Bev Rodrigo is used to hauling backpacks. For five years, the Langley retiree and her husband Fred have delivered packs loaded with groceries to schools so families that need a little extra help have something to put on the table over the weekend.
Rodrigo doesn’t know the names of the students who receive the Starfish Packs , but it’s not unusual to get a card or a note back from a grateful parent. Once, Rodrigo says, a mom approached one of their volunteers offering to help carry the load.
“The mother told my volunteer she just wanted to say thank you. She had used the program and it had helped her family through a difficult time.”
The program is funded largely through community donations and the Langley United Church, and provides the backpacks containing non-perishable meals, snacks, fruit and cereal. In recent months, it has switched to a grocery gift card model due to health and safety restrictions on food handling.
Rodrigo, a retired nurse and pre-school teacher, knows that when families are struggling financially, kids go hungry. It’s a problem that is often invisible.
“People don’t realize this is happening because we just don’t see it,” said Rodrigo.
Canada is the only G7 country that doesn’t have a national school food program, something many advocates say would go a long way toward reducing food insecurity for families. Langley’s Starfish Pack program is just one of a patchwork of charitable endeavours throughout the province and the country aimed at reducing the number of kids who go hungry every day.
“Families and individuals in Canada are having a tougher time. The numbers experiencing food insecurity are rising,” said Jennifer Black, an associate professor of Food, Nutrition and Health at UBC and member of the Public Health and Urban Nutrition Research Group.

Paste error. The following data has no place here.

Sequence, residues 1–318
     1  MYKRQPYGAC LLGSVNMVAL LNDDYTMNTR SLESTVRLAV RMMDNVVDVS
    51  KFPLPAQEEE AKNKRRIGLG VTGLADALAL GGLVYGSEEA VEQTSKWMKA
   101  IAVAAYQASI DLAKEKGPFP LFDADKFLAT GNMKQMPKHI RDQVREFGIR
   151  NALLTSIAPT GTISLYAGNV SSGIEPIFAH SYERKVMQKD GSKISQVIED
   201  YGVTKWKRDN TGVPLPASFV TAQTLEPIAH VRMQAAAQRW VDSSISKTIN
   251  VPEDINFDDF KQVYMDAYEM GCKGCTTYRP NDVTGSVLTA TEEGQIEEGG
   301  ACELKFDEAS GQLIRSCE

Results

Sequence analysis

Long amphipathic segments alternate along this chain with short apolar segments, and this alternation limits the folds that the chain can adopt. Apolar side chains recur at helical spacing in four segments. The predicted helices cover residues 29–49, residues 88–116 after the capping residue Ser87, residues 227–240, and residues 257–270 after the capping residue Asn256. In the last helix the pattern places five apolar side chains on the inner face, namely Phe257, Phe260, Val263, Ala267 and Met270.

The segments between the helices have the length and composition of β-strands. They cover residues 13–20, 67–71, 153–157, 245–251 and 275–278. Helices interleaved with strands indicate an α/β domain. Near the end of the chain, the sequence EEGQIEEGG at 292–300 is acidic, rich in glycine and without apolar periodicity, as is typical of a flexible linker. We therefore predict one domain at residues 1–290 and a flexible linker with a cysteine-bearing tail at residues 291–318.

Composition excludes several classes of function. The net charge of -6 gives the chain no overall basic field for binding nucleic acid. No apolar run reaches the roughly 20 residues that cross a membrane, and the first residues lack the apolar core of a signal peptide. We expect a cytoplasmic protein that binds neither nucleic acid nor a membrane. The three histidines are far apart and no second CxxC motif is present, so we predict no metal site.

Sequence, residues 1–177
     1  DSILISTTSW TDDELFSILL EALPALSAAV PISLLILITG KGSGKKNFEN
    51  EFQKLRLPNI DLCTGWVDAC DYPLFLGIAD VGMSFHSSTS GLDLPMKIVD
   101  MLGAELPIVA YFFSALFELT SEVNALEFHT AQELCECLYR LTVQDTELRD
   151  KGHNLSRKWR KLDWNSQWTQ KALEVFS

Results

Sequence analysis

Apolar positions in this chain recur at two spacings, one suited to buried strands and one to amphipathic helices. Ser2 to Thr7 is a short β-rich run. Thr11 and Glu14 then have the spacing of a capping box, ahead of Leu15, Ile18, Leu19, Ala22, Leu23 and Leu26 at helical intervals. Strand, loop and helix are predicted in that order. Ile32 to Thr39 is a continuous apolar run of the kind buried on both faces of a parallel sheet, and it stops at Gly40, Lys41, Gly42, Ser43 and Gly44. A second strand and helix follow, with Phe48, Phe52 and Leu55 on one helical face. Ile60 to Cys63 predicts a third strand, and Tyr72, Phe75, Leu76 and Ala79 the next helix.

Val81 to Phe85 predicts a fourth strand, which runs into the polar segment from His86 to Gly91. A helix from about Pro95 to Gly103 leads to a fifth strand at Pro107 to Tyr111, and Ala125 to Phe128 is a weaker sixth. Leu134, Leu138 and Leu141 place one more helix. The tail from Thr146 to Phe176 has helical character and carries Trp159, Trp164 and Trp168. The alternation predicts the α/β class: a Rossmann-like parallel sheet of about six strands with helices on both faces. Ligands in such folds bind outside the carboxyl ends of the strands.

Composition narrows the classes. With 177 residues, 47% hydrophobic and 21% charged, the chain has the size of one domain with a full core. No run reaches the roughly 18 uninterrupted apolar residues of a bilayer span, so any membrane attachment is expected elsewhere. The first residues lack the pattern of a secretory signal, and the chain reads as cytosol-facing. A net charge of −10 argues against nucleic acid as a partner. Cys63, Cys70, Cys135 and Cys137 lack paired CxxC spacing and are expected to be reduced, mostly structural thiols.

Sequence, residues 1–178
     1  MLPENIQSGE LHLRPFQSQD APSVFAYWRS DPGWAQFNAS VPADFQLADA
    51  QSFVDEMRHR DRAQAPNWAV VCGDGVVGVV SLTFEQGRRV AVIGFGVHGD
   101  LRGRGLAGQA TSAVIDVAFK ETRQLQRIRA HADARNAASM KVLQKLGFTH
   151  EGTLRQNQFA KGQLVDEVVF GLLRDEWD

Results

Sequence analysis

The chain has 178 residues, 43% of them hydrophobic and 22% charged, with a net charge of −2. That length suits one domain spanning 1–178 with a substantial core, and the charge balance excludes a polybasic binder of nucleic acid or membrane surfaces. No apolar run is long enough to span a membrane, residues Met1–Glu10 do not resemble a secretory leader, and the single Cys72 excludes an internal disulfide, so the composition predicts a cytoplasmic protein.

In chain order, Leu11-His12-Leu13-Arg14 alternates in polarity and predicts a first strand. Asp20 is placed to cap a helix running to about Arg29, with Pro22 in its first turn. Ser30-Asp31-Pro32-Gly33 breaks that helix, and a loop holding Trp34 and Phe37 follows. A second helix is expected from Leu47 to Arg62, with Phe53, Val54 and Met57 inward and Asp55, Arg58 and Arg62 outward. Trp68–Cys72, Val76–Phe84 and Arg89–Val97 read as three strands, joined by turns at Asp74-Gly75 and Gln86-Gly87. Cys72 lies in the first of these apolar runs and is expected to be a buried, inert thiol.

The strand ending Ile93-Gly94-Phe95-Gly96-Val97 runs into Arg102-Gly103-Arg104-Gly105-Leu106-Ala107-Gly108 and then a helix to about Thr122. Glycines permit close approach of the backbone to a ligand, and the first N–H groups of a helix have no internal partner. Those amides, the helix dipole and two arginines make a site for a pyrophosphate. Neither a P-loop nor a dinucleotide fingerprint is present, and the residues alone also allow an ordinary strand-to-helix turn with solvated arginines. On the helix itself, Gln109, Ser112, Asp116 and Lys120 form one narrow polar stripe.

According to Statistics Canada and data collected by the Breakfast Club of Canada , the financial impact of the pandemic due to job losses and reduced work hours has resulted in one in seven Canadians living in a household where food insecurity, including going hungry because there is not enough money for food, is a problem, a 74-per-cent increase compared to the 2017-1818 Canadian Community Health Survey in which 8.8 per cent of Canadian households experienced food insecurity.
“More people are struggling, and we were already doing relatively poorly,” said Black.
According to Unicef’s report card , Canada ranks below many other affluent countries.
“We think of Canada being a generous country, but in terms of the services that would impact food insecurity directly, mainly school meal programs, we invest relatively little,” said Black.
According to the Unicef report and its Canadian companion , while 12 per cent of Canadian children experience food insecurity, placing it somewhere around the middle among industrialized nations, that average doesn’t highlight the disproportionate food insecurity for some children in low-income families, among homeless individuals, and in northern Indigenous communities.
In their 2019 federal budget , the federal government pledged to develop a national school food program as part of a new Food Policy for Canada, but the program hasn’t materialized and Canadians continue to rely on a mix of charitable and volunteer-driven organizations to provide meals to hungry kids.